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From Birdsong by Sebastian Faulks
Jack Firebrace. An honest Tommy.
The Novel Birdsong by Sebastian Faulks is a story of various parts of one mans life, Stephen Wraysford. The first par of the book is a love story, when Stephen Wraysford is living and working in Northern France. The main text of the book is when Stephen Wraysford returns to Northern France again, this time as an officer in the British Army, during the First World War. This is the section in which Jack Firebrace features. The final part of the book is a recurring sub plot set in the seventies.
We initially meet Jack Firebrace in the most horrific circumstances possible. Jack is a miner, tunnelling under enemy positions placing mines in the hope of halting enemy advances.…show more content…
Following our initial encounter with Jack, seeing him emotionally tortured by his own side. We see in Jack a good man, an ordinary man in the most extraordinary of circumstances. We are shown how important his family are to him. His eight year old son John is seriously ill with diphtheria, this prey’s on Jack’s mind. In the death and killing that surround him Jack comforts himself reading letters from his wife.
John Died. In the sea of awfulness that surrounded him Jack sat down and read the words his wife had written. In very simple language she wrote “I have to tell you that our boy died this morning” The starkness of these words appear to underline the tenuous grasp that Jack also has on life. At any moment Jack could be wiped out too. Consistent to the character we have already seen in Jack he tries to pray, to give thanks, however overcome by emotion he can only sob “my boy, my darling boy”. In a premonition to Jack’s fate his wife writes “please do take care of yourself, come home to me”
In a battle scene near Auchenvilliers the troops gathered waiting for “the big push” Meanwhile Jack was wiring up the mines in tunnels underground, sure in the knowledge that their detonation would strengthen the allied positions. However, quite the contrary when the mines were detonated they left an enormous crater to strengthen the enemy’s defences. This allied to the fact that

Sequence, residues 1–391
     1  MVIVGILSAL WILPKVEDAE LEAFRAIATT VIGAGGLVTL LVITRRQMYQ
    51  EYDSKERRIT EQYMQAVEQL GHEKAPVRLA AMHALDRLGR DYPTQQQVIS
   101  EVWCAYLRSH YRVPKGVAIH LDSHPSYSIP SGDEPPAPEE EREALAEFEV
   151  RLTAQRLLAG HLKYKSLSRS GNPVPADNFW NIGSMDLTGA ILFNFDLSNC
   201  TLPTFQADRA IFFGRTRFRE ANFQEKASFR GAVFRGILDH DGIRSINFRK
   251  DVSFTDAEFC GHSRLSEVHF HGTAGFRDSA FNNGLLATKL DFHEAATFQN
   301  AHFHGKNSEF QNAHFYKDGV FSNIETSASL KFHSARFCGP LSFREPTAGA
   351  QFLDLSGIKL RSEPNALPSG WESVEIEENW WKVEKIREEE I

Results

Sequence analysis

War Themes In Birdsong By Sebastian Faulks
The structure of Faulk’s Birdsong allows us to observe the impact of the War upon numerous individuals across the generations. Throughout the novel, even outside the 1914-1918 time-frame, Faulks continues to maintain a link between the past and the present through his use of a number of motifs and themes. The lasting impact of the War suggests that history should never be forgotten, which is the paramount message in Birdsong.
In Birdsong, Faulks considers the idea of the War as an ‘exploration of how far men can be degraded’ in terms of the impact that war had upon the individual characters, resulting in dehumanisation. The main feature of being human is individuality. During his three-day-rest, the character Jack reflects that each soldier had the potential to be an individual, but because of the ‘shadow of what awaited them, [they] were interchangeable’ which is an allusion towards the politics of the War; the men were simply seen as statistics. The men search for a fate within the War, demonstrated when Stephen plays cards with the men and claims that Weir would rather have a ‘malign providence than an indifferent one’ which suggests that the men want to feel that someone is planning their future. During a heavy bombardment, Faulks describes that Tipper’s ‘iris lost all light and sense of life’ during his ‘eruption of natural fear’ when the shells land near him. The eyes here are a metaphor for life; it is a human’s eyes which represent individuality and are often described as the window to the soul. Faulks’ description of the loss of light in the eyes suggests that, as a result of the War, Tipper has lost what makes him human. The natural fear and ‘shrill demented sound’ that arises from Tipper is a ‘primitive fear’ which suggests that the men have returned to the early stages of evolution. Faulks further explores the idea of primal behaviour when he describes Stephen’s dugout as having a ‘primitive appearance’ which greatly differs from the descriptions of the Boulevard du Cange where Stephen previously lived, creating a contrast between the two worlds. Faulks’ presentation of the men’s loss of humanity and resorting to primal behaviour allows us to comprehend the impact the War had on individuals.
The idea of the war being ‘beyond nature’ is one which is emphasised by Faulks as it highlights the impact of the War on a large scale; all the men are forced to live in the new reality which gets worse and worse. Following the Battle of the Somme, Faulks describes the ‘crippled sleepers’ rising from the ground, saying that it resembled a ‘resurrection in a cemetery’ ; a simile which represents the fact that the men are now the living dead; their old lives have been stolen from them. Faulks anthropomorphises the soil, saying that the men ‘teemed up from the reluctant earth’ alluding that even nature has turned against the men. The characters Stephen and Weir discuss the atrocities which have occurred during the Battle and Weir becomes...
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